Strength in Our Diversity
Every year, in the second week of January, hundreds of thousands of people — in busses, tractor trailers, pick-ups, wagons, SUVs and hybrids — converge on the Capital City for the Pennsylvania Farm Show. This year is the 102nd Farm Show. If you ask 102 of those people what the Farm Show means to them, you’re likely to get 102 wildly different answers. That’s part of the inspiration behind this year’s theme: “Strength in Our Diversity.”
“The agriculture industry is Pennsylvania’s crowning jewel, with its many facets on display every year at the Farm Show,” Agriculture Secretary Russell Redding said. “Like a jewel, agriculture reflects something different from every angle, and it changes as you look at it in different light.”
This year, the Pennsylvania Department of Agriculture and the Pennsylvania Farm Show Foundation invite guests to look at agriculture from different angles and consider diverse perspectives as they enjoy the Farm Show — Pennsylvania’s state fair.
Consider agriculture through the eyes of a city child, seeing a cow up-close for the first time, or learning how bees make honey, or finding out that their cuddly-soft sweater is made from the hair of a long-haired angora rabbit that looks like a furball – and watching the rabbit sit contentedly while its fur is spun into yarn.
While you’re at it, check out the joy of a local child’s rural counterparts, all dressed up and parading their pride and joy around the show ring for the judge’s approval, a ribbon, a cash prize and bragging rights all year. Nothing is more fun than watching a tiny girl in pink and sparkles, exerting her will over a spiffed-up hog several times her size, then dancing with joy as she waves a blue ribbon around when the competition is over.
Keep your eye on the face of a middle-school student at the Ag 101 stage, enthralled by the newfound possibility of a high-tech career using agricultural drones to map crop productivity. And drink in the enthusiasm of an apiarist – that’s a beekeeper, in case you’re whipping out your dictionary – educating a crowd about the tremendous diversity of Pennsylvania crops and how that diversity benefits the bees that are so crucial to our food supply.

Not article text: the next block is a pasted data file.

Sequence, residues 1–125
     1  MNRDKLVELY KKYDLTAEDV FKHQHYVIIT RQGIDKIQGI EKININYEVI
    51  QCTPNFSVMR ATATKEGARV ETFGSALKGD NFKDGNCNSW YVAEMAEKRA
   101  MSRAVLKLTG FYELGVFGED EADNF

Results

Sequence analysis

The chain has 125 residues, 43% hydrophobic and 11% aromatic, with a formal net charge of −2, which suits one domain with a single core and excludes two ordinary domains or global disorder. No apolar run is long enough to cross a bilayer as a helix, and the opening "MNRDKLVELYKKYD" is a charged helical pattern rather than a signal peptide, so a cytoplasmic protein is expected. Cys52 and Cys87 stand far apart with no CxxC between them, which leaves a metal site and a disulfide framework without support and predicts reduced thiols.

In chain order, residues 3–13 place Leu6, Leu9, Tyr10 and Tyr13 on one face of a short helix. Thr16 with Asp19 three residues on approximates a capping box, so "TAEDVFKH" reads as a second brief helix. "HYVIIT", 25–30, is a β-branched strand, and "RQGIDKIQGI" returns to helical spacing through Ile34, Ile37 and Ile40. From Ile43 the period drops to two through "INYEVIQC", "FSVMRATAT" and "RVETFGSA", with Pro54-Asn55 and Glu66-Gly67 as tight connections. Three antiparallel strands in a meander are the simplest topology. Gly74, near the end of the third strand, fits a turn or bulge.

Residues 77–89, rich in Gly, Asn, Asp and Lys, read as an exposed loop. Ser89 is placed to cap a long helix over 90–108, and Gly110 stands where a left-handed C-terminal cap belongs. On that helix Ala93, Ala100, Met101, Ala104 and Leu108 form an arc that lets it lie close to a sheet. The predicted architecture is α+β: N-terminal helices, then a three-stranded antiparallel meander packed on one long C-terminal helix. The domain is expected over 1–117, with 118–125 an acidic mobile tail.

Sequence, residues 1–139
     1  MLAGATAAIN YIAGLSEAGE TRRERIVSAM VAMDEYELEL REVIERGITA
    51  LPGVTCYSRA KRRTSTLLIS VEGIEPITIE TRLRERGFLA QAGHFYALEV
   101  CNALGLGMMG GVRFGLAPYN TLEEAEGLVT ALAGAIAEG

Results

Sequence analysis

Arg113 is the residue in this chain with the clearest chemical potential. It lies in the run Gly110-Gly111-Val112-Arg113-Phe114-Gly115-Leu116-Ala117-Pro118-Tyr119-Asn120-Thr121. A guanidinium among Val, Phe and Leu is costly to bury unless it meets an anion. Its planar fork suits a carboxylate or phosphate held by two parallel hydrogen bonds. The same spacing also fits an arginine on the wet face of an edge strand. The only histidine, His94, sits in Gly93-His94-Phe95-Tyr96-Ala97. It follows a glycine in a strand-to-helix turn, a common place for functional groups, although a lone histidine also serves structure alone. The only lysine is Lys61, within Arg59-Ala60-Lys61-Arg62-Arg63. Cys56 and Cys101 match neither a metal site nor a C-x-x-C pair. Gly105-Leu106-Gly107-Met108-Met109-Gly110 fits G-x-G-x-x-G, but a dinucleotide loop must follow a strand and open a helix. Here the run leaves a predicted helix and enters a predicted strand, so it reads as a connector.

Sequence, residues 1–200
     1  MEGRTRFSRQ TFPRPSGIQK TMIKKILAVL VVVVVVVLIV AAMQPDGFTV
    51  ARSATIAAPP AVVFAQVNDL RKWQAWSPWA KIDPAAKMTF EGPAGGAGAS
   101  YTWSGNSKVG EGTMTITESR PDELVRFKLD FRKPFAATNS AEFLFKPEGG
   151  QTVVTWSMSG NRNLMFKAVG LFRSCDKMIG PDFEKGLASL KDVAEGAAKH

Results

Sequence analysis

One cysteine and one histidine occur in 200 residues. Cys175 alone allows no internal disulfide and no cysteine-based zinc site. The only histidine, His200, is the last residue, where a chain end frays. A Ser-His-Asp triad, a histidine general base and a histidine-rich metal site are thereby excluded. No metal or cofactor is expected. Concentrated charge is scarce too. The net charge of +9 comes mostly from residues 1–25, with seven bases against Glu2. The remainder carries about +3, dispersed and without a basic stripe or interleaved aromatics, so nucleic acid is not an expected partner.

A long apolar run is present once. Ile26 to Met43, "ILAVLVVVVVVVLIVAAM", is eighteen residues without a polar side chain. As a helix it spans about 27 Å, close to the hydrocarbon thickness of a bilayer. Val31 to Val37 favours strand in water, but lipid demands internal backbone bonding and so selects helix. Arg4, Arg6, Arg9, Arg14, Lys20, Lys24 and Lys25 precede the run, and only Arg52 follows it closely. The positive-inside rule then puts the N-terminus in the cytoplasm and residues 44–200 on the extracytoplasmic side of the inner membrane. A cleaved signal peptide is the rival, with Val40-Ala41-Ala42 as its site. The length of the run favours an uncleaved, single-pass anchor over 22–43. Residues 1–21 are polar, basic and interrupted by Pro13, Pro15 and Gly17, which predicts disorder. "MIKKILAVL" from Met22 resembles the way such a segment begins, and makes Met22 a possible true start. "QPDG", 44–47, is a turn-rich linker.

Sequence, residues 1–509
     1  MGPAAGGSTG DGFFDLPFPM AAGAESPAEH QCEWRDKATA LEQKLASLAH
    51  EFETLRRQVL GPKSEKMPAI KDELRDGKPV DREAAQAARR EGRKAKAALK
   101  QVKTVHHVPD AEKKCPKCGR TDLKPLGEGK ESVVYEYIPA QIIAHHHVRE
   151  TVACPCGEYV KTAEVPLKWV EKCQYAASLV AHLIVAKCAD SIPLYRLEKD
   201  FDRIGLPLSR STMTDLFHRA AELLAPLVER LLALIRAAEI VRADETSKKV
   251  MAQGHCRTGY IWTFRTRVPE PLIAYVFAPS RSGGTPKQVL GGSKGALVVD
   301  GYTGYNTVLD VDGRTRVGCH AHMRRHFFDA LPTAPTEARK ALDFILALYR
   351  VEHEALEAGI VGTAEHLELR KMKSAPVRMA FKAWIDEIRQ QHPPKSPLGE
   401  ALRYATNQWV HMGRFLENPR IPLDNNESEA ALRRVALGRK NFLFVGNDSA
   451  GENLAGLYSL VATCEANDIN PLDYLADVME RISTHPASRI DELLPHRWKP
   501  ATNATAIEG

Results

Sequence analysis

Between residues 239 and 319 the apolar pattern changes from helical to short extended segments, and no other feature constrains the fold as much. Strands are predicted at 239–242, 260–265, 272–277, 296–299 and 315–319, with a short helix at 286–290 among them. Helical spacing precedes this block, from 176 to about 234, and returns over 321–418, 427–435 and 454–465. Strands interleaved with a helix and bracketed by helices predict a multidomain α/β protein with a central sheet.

As visitors nibble prize-winning cheese samples and sip on a famous Farm Show milkshake, consider agriculture from the perspective of a dairy farmer, maintaining not just a family tradition, but a lifetime of investment he or she is fighting to sustain in the face of a changing marketplace. Or explore an exhibit on how those same farmers work to produce renewable energy and improve the water supply — not just for their own farms but the entire Mid-Atlantic region.
Witness the pride and the sheer determination that goes into the food on our tables, and take a moment to say hello, and thank you to the farmers and producers who work so diligently to get it there.
Then check out the food, fiber and fuel that can be made from hemp, an old crop, returning to Pennsylvania and researched this past year as a potentially viable crop for PA farmers and consumers. Everything from skateboard decks and auto bodies to tasty cooking oil and soft drinks – we guarantee your perspective on the potential of a simple plant will change. Take a minute to check out a chicken, cozy up to a cow, giggle at a goat, hug a horse or snuggle up to a bunny, take note of the diversity of each species of animal. From the funky-looking frizzle chicken to the iconic Holstein cow, and from the most delicate butterfly to the massive Percheron draft horse pulling thousands of pounds, the variety is endless.
Plants are just as diverse — from syrup-producing sugar maples to festive Frazier firs, from poinsettias to pumpkins, and from potatoes to pansies.
Whether it rolls off a hi-tech production line; is plucked from an indoor, urban aquaculture farm; or picked lovingly and processed at a small, family-owned orchard; cut from the forest, hewn in a lumber mill, and crafted by a local artisan; or brewed to perfection in a craft microbrewery, the quality and diversity of Pennsylvania products made from those plants and animals will be on display at the 2018 Farm Show.
You can explore the rich history of how each product became what it is today, and the vision of how they might be produced in the future, when the smallest Farm Show visitor finishes school and finds a wide array of agriculture jobs in-demand and waiting. For those who are already a food-lover, your perspective is sure to change.
For sheer entertainment’s sake, marvel at a working cowboy or cowgirl competing in a champion rodeo, watch a lumberjack show off his skills, learn to make a new dish under the skilled direction of a decorated chef, or watch teams of artisans create garments from shearing to finished shawl.
For inspiration, hear the story of a veteran who returned from service and put his hard-earned skills to work on a farm, or meet a dedicated volunteer who has served visitors at Farm Shows since the 1960s. Guests can even witness the miracle of life, aided by a veterinarian in this year’s new Calving Corner birthing center.
The people of Pennsylvania agriculture are diverse and deeply inspirational in their stories, their struggles, their joys and their pride in what they produce. So, even if you’ve been there and done that before, take in the 2018 Farm Show with fresh eyes!
Our industry is strong.
Our Diversity is Our Strength.